Among ACC coaches who reached a fifth season, Georgia Tech’s Brian Gregory owns the fourth-worst winning percentage in regular-season league play. He’s 21-59 (.263). The only five-year men who fared worse were Clemson’s Larry Shyatt (.250 from 1999-2003); Virginia’s Billy McCann (.238 from 1958-1963) and South Carolina’s Frank Johnson (.231 from 1953-1958).
Jeff Bzdelik of Wake Forest, this century’s most misguided ACC hire, was slightly worse (.250) than Gregory but lasted only four seasons. Les Robinson, whose North Carolina State teams finished last or next-to-last so often that the ACC tournament’s play-in game became known as the Les Robinson Invitational, was actually better than Gregory — .298 over six seasons. But enough with numbers.
It was clear a year ago that Tech’s coach wasn’t up to the task. It’s no less clear today. Tech is 2-8 in ACC play, none of those games having been decided by more than nine points. The Yellow Jackets have just enough talent to compete but seldom manage to win. Stat folks tell us that close games are essentially coin flips, but that presupposes the coin is evenly weighted. Tech’s side is light on tactical nous. The Jackets keep playing the same rigged game and wondering why it turns out the same.
A middling coach can subsist in some conferences. (The SEC, say.) Not in this one. The ACC includes four Hall of Famers — Coach K, Ol’ Roy, Pitino and Boeheim — with 10 total NCAA titles; a two-time national coach of the year (Tony Bennett); the guy who took George Mason to the Final Four (Jim Larranaga); four more (Mike Brey, Jamie Dixon, Mark Gottfried, Buzz Williams) who’ve graced the Elite Eight, and another (Leonard Hamilton) who has reached the Sweet Sixteen with two different schools. That’s 11 men in a 15-team league with better resumes than Tech’s guy.
In 12 full seasons as a head coach, Gregory has taken two teams to the NCAA tournament. (Both at Dayton, in 2004 and 2009.) He has won one NCAA game. (An upset of No. 6 seed West Virginia in 2009.) His Flyers missed the Big Dance in six of his final seven seasons. (They did win the 2010 NIT.)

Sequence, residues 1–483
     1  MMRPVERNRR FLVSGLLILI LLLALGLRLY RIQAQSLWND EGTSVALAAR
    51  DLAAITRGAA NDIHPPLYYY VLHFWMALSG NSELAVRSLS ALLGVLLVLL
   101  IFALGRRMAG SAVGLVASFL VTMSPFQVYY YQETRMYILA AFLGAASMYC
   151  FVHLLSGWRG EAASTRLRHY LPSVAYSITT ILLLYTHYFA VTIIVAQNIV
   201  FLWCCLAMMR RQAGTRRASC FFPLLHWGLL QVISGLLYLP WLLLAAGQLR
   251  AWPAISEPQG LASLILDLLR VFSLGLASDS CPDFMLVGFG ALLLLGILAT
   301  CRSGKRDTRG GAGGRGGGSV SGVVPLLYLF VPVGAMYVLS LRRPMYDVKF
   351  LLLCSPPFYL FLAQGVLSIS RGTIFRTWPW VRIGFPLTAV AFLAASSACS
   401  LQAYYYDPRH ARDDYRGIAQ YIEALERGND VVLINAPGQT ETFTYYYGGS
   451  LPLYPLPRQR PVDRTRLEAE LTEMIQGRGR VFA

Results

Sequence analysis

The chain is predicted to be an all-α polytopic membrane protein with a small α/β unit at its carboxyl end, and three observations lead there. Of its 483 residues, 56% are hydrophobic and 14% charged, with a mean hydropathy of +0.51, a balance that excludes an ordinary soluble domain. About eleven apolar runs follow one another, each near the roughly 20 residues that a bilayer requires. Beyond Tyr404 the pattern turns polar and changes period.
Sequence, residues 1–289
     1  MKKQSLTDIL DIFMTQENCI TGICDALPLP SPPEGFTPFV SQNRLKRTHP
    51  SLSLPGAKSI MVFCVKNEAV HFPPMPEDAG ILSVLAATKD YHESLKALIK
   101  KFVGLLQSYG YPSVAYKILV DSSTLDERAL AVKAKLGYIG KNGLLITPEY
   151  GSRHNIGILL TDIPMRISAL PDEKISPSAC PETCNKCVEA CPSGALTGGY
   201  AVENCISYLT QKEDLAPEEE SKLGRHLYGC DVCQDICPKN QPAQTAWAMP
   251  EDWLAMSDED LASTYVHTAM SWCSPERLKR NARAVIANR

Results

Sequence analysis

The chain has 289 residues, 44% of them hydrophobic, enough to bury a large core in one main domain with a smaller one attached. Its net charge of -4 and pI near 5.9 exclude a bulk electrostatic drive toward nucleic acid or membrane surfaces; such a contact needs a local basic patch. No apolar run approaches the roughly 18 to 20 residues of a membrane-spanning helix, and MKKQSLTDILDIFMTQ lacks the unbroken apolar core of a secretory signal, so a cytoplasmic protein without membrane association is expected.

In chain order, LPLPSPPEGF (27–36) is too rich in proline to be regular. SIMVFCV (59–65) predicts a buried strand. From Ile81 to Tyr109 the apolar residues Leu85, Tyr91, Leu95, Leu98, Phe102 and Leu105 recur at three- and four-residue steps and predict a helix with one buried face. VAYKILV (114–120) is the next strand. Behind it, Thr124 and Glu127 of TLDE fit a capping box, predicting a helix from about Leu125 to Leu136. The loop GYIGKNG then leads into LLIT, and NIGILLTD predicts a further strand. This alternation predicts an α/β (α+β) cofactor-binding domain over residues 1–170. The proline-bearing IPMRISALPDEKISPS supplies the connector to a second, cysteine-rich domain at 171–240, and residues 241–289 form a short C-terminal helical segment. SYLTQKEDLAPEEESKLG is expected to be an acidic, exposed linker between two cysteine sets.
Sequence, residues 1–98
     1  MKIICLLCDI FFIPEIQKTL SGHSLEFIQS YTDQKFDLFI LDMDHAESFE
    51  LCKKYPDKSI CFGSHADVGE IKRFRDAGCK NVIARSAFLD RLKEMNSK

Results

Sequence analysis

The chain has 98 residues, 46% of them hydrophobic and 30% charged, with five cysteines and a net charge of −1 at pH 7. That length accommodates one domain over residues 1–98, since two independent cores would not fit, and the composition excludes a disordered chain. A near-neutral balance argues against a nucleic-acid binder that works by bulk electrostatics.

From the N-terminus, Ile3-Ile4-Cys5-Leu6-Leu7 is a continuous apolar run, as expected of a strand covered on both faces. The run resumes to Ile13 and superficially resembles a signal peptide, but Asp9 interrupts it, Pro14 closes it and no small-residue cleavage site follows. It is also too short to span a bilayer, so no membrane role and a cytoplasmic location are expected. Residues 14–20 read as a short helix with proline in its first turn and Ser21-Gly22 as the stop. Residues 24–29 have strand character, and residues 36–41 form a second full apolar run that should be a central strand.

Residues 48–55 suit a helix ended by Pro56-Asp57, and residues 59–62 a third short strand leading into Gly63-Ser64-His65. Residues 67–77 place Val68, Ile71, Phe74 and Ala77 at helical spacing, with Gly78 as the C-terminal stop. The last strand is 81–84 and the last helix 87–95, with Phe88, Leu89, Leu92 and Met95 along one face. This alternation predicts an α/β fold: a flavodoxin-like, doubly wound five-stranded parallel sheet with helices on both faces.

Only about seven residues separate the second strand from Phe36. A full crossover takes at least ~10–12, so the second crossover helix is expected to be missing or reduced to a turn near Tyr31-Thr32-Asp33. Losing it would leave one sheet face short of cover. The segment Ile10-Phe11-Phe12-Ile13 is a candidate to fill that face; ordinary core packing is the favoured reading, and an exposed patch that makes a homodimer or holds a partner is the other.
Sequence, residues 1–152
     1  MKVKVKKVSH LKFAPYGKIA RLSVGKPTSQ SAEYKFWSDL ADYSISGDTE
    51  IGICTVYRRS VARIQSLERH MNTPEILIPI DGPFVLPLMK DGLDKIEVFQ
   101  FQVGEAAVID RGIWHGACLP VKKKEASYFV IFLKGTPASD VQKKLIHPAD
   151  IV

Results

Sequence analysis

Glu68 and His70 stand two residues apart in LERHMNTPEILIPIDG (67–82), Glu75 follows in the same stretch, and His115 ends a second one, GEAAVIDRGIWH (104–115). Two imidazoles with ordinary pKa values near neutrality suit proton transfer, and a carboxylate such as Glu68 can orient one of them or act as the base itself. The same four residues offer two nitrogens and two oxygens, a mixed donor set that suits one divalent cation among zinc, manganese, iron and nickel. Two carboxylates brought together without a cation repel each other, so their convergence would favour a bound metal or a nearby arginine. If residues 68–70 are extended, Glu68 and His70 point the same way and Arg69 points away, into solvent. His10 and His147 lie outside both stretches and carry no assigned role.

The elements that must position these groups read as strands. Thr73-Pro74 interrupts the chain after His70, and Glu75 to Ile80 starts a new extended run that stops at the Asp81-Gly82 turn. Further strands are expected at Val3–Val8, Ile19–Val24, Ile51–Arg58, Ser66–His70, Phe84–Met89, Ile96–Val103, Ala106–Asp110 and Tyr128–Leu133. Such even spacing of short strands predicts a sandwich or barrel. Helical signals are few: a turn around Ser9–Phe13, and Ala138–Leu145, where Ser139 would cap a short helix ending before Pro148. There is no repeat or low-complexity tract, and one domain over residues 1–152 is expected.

Gregory wasn’t the hottest guy in hoopdom when he was hired. Given that Tech had to fund Paul Hewitt’s $7.2 million gold-and-white parachute, it couldn’t afford Gregg Marshall of Wichita State or Shaka Smart, then of VCU. In Gregory’s semi-defense, four of the ACC luminaries mentioned above work at schools that weren’t in the league when he arrived. Still, this is what the job has become. If you’ve proved you can’t do it, there’s no reason to keep doing it.
Stumping the band, athletic director Mike Bobinski kept Gregory after Tech went 3-15 in the ACC last season. The Jackets might yet go 6-12 or even 7-11 this time — the schedule’s back nine is softer – but that shouldn’t be seen as significant improvement. Owing to its many transfers, this is among the nation’s most seasoned teams. Next year will see Tech without its four leading scorers and three top rebounders. Unless Ben Simmons gets the itch to leave LSU not for the NBA but for North Avenue, next season will be awful.
Should Bobinski seek to stay his hand and pinch pennies — Gregory’s buyout is $1.343 million, down from the $2.4 million of a year ago; it would shrink to $537,500 after next season — the effect on Tech basketball could be devastating. According to Rivals, seven of the nation’s top 80 recruits for 2017 will hail from Georgia, No. 1 prospect Wendell Carter Jr. of Pace Academy among them. The possibility of a wipeout season capped by a coaching change would surely make most heralded locals look elsewhere.
That’s assuming they’re even inclined to glance at Tech. Not since Dwane Morrison left to carry J.C. Snead’s golf clubs have fortunes been so low. The Jackets have a refurbished arena and an unwatchable product. Having declined to make a move last year, Bobinski has left himself no choice now. If he has to sell the Ramblin’ Wreck for parts to see off Gregory, the AD must get himself to a chop shop.
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